Internal investigation has shown that the BBC claim was unfounded. In fact, until today, there’s no indisputable evidence that aid was diverted. The BBC denies this, but where is the evidence? Despite the apologies, numerous people are now under the (false?) impression that aid diversion was widespread during the massive campaign to fight the equally massive famine in the 1980s.

This “universal misinterpretation” defames the dedicated aid workers concerned, Sir Barder says, but also discourages people from contributing to disaster relief funds in the future. Therefore, the BBC owes not only Band Aid an apology, but, he says, also the concerned governments, donors, charities and, above all, ordinary people who gave so generously.

Although it’s not BBC’s, or any media’s for that matter, concern if ordinary people do or don’t give to relief operations in the future, media does play a significant role. It is largely based on their information that private donors decide to support what is often referred to as ‘the good cause’ and they are also largely dependent on journalists’ work to check if their money is spent well.

There is a clear relation between media coverage of disasters and the amount of aid given. We can clearly see this when we compare two of the latest natural catastrophes: the earthquake in Haiti and the floods in Pakistan. In comparison to the earthquake in Haiti, media coverage of the Pakistan floods has been almost trivial. According to a report in the Chronicle of Philanthropy, this has led eleven US charities to raise five million dollars, compared to 560 million dollars by 39 US charities in a similar time span after the Haiti earthquake.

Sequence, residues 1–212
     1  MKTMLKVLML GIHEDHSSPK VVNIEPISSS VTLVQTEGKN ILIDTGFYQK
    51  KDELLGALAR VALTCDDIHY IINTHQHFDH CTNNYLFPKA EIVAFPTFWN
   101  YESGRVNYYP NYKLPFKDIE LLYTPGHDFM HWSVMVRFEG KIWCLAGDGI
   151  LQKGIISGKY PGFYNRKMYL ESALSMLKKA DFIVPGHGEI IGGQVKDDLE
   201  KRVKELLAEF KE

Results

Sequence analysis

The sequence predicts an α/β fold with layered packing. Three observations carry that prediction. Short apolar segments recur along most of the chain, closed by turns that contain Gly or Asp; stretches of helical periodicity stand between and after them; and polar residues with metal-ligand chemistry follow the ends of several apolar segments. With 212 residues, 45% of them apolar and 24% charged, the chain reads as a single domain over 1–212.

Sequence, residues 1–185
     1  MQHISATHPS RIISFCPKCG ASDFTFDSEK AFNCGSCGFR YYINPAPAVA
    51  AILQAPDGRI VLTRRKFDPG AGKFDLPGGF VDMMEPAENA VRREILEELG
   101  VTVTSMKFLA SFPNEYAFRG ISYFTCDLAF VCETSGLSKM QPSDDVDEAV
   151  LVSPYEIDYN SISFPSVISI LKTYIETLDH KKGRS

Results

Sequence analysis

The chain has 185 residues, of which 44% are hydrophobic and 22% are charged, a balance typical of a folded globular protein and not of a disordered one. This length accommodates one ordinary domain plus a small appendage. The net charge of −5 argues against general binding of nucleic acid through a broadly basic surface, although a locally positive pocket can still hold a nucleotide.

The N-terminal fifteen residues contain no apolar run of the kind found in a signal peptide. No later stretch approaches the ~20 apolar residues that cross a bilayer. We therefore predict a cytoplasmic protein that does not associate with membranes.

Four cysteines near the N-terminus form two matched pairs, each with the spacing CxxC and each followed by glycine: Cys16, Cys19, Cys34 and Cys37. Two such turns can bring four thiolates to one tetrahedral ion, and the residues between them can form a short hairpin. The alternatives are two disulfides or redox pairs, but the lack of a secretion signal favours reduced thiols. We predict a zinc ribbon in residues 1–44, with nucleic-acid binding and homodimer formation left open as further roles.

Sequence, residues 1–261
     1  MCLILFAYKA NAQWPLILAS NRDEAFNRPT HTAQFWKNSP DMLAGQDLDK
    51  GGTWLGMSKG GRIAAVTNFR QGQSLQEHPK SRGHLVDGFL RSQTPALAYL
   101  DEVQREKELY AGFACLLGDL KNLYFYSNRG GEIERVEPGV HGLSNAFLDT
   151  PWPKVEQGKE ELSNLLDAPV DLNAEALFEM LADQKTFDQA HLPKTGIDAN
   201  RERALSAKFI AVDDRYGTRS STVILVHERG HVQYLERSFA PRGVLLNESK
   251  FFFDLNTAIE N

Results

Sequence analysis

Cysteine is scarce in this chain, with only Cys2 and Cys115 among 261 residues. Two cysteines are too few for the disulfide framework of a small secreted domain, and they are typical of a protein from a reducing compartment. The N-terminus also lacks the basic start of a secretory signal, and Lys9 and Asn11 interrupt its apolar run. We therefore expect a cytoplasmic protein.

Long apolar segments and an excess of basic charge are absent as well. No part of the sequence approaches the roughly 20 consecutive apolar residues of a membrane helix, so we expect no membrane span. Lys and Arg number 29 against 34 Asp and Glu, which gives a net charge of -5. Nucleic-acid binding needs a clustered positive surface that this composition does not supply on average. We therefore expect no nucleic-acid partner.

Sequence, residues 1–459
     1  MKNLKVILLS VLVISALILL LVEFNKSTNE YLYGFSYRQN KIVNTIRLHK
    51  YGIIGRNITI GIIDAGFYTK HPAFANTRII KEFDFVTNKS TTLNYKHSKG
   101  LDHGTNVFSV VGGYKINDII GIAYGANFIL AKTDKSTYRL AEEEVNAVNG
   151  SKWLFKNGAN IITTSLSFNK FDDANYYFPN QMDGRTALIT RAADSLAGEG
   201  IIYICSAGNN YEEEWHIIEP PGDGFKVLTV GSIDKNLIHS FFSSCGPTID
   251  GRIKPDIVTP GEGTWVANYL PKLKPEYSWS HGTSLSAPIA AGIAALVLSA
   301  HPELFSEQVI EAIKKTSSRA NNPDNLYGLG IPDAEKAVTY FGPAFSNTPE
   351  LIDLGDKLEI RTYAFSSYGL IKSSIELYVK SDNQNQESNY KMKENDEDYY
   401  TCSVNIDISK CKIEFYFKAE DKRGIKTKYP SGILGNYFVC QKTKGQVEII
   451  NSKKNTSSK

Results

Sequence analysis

More important is the role of the media to examine where the money goes of those who decide, as said mainly based on information by the media, to donate. The world of NGOs and humanitarianism is nothing less than an industry in which billions of dollars circulate, much like the public and private sector. It should therefore be treated likewise. Like they do with governments and businesses, the media has to examine aid institutions and hold them accountable for the spending of donated money. No sentiments allowed: good intentions are not enough!

Some good work has been done in recent years. Remember the destructive tsunami of 2004? Research pointed out that a significant number of aid organizations, despite the blood, sweat and tears they shed, couldn’t justify most of their expenses. Or, even more striking, the aftermath of the genocide in Rwanda in which Hutu killers fled the country and regrouped in NGO run refugee camp, where they received food and shelter paid by donations and were even able to continue their hunt on the Tutsi’s, all this revealed by independent journalists. It is painful information, but of high interest to donors – both governments and ordinary civilians.

In the case of Ethiopia, the BBC has clearly made an attempt to fulfil its role as a watchdog by tracing back the huge amount of money donated during the famine. Unfortunately the attempt was a half-hearted one. And, even more unfortunate, the apologies for false accusations it led to seem to be even more half-hearted, unless there is in fact indisputable evidence about abuse of aid money. In that case: come clean and turn a ‘universal misinterpretation’ into ‘robust and excellent journalism’.

Capital, November 28, 2010